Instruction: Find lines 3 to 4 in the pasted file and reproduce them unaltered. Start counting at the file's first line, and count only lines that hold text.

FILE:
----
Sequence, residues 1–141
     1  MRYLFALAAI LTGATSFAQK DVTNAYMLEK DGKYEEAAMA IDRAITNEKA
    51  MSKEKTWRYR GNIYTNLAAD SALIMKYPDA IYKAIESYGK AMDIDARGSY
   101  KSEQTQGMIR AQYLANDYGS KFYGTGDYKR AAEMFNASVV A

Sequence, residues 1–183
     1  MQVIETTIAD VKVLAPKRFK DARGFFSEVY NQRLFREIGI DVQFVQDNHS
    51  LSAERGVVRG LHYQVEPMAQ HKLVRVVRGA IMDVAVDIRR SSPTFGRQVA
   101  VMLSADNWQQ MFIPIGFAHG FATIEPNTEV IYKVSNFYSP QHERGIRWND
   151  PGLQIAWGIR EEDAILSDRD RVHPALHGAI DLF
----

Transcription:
    51  MSKEKTWRYR GNIYTNLAAD SALIMKYPDA IYKAIESYGK AMDIDARGSY
   101  KSEQTQGMIR AQYLANDYGS KFYGTGDYKR AAEMFNASVV A